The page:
this is the most devastating storm in modern history. >> we're looking at four to six months without electricity. >> it is epic expectations. >> mexico rescuers racing against the clock to find earthquake survivors trapped beneath the rubble. >> rescue workers have made contact with a young girl who they believe is still alive. mueller's team looking at dismissals of flynn and comey. >> clearly mr. manafort had a series of relationships with folks in russia. at some point we're going to want to bring him in. >> this is new day with chris cuomo and alyson camerota.
>> welcome to your new day. we have breaking news. hurricane maria lashing the dominican republic. the storm knocking out power to the entire island of puerto rico. the island's governor doesn't know how long it will take to replace that country's -- that commonwealth's very fragile infrastructure. the hurricane is blamed for one death in puerto rico. let me tell you, that is an amazing surprise that it didn't take more life. fourteen lost their lives in nearby dominica. we have another top story. that's the frantic search for a young girl buried in the rubble of her school in earthquake-ravaged mexico. emergency crews have been working around the clock in the rain to rescue this 12-year-old is and maybe two other children who were trapped alive in the debris. rescuers are communicating with her. they say she is wiggling her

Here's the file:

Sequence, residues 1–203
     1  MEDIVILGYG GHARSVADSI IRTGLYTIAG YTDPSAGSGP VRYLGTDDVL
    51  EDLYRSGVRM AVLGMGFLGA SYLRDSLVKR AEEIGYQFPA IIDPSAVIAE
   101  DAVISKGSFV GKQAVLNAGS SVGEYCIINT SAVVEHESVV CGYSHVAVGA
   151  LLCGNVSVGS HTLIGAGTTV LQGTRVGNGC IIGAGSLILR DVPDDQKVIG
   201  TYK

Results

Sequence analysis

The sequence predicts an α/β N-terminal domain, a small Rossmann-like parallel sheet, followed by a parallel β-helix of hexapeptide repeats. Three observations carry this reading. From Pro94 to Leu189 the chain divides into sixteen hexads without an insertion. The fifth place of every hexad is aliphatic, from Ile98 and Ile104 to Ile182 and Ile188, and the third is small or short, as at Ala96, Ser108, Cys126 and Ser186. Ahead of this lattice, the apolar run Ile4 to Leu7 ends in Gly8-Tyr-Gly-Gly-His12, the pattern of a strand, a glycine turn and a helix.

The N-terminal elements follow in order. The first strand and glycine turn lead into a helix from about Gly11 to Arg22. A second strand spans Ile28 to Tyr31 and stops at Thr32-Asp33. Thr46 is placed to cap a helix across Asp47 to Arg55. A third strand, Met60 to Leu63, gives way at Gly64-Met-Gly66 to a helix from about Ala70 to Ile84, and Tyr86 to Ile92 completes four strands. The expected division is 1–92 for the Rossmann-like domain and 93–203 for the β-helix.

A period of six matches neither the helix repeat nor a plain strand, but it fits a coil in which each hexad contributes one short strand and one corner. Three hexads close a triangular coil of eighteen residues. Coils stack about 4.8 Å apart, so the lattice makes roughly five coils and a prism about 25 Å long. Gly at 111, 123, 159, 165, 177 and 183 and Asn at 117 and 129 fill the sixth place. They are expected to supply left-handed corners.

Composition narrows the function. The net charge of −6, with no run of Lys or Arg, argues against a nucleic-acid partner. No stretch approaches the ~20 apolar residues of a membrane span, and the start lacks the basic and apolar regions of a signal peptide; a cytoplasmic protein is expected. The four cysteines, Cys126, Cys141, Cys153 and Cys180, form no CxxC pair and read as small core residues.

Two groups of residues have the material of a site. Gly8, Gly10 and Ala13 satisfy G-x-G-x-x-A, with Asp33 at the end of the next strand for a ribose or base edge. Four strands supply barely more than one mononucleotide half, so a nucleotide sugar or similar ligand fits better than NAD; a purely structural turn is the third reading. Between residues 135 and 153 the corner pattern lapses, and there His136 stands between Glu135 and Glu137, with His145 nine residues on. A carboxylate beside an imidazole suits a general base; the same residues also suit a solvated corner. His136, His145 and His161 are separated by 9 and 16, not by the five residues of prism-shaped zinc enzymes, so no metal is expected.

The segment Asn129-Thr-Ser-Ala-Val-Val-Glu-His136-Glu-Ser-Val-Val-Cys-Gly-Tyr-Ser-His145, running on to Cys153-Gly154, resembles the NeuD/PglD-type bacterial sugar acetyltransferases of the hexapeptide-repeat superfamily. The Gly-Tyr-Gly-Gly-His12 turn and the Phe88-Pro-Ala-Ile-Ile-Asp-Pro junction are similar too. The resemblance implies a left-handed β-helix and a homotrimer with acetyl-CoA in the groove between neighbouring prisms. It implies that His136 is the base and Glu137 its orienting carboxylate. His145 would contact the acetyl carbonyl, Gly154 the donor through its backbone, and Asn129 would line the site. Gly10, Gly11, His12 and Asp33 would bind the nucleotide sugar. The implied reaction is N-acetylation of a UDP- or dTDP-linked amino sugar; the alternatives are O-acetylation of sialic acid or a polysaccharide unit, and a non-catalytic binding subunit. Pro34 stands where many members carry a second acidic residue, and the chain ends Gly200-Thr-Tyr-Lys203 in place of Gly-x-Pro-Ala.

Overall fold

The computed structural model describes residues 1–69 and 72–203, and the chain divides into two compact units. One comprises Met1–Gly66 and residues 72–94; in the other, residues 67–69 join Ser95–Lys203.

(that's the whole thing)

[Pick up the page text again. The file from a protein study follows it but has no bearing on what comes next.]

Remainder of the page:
fingers but they cannot get to her yet. this magnitude 7.1 quake killed at least 250 people. we have the global resources of cnn covering both of these natural disasters. let's begin with nick paton walsh live in puerto rico. what's the latest, nick? >> reporter: still under a flash flood warning in the capital of san juan. people are beginning to take the boards down they put up to fend back the worst of the storms, perhaps getting a better glimpse of the devastation around them. it is staggering. four to six months they could see themselves without electricity. slowly waking up to devastation that hurricane maria brought in a matter of hours. puerto rico, ravaged. after taking its first direct hit from a category 4 hurricane in nearly a century. the governor imposing a curfew
each night for puerto rico's 3.4 million residents. the entire island in the dark after the power grid was completely knocked out. >> we're looking at four to six months without electricity. >> reporter: roofs ripped off buildings. homes reduced to rubble. streets swallowed by floodwaters, littered with debris. gas stations under water. the island's already fragile infrastructure decimated. the governor asking president trump to declare the island a disaster zone. >> this is the most devastating storm in a century quite frankly in modern history. >> reporter: hurricane maria unleashing punishing winds up to 155 miles per hour. pelting torrential rain sideways and breaking trees in half. as residents rode out the storm, some in shelters, others in stairwells. i have never seen anything like this. the ferocity powering through. it is pulling off the awnings and pulling out the trees, too.